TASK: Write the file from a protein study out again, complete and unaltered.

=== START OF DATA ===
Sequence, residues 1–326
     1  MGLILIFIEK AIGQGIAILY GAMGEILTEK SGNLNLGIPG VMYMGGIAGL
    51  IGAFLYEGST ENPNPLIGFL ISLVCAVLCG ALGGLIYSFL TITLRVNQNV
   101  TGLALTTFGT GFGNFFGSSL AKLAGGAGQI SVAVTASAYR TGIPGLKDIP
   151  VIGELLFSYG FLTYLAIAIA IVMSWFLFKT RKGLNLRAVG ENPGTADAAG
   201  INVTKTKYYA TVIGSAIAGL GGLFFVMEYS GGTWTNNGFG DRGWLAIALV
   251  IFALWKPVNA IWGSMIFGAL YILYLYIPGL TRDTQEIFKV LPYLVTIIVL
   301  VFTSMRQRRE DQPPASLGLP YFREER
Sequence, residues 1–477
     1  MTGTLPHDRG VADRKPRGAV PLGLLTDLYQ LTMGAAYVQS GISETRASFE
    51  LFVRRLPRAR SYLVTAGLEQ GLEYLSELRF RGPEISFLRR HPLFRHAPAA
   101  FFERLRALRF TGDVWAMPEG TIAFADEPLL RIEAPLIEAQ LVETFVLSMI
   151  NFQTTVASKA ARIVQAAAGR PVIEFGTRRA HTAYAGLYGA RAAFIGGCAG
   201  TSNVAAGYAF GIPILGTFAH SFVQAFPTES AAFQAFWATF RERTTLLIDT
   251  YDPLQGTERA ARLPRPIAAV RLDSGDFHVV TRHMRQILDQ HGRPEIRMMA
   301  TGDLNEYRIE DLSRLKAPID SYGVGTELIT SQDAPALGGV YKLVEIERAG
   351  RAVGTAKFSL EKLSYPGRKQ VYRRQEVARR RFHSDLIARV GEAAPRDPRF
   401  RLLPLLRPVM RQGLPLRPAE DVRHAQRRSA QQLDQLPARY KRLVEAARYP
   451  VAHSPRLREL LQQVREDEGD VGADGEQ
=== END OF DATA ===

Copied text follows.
Sequence, residues 1–326
     1  MGLILIFIEK AIGQGIAILY GAMGEILTEK SGNLNLGIPG VMYMGGIAGL
    51  IGAFLYEGST ENPNPLIGFL ISLVCAVLCG ALGGLIYSFL TITLRVNQNV
   101  TGLALTTFGT GFGNFFGSSL AKLAGGAGQI SVAVTASAYR TGIPGLKDIP
   151  VIGELLFSYG FLTYLAIAIA IVMSWFLFKT RKGLNLRAVG ENPGTADAAG
   201  INVTKTKYYA TVIGSAIAGL GGLFFVMEYS GGTWTNNGFG DRGWLAIALV
   251  IFALWKPVNA IWGSMIFGAL YILYLYIPGL TRDTQEIFKV LPYLVTIIVL
   301  VFTSMRQRRE DQPPASLGLP YFREER
Sequence, residues 1–477
     1  MTGTLPHDRG VADRKPRGAV PLGLLTDLYQ LTMGAAYVQS GISETRASFE
    51  LFVRRLPRAR SYLVTAGLEQ GLEYLSELRF RGPEISFLRR HPLFRHAPAA
   101  FFERLRALRF TGDVWAMPEG TIAFADEPLL RIEAPLIEAQ LVETFVLSMI
   151  NFQTTVASKA ARIVQAAAGR PVIEFGTRRA HTAYAGLYGA RAAFIGGCAG
   201  TSNVAAGYAF GIPILGTFAH SFVQAFPTES AAFQAFWATF RERTTLLIDT
   251  YDPLQGTERA ARLPRPIAAV RLDSGDFHVV TRHMRQILDQ HGRPEIRMMA
   301  TGDLNEYRIE DLSRLKAPID SYGVGTELIT SQDAPALGGV YKLVEIERAG
   351  RAVGTAKFSL EKLSYPGRKQ VYRRQEVARR RFHSDLIARV GEAAPRDPRF
   401  RLLPLLRPVM RQGLPLRPAE DVRHAQRRSA QQLDQLPARY KRLVEAARYP
   451  VAHSPRLREL LQQVREDEGD VGADGEQ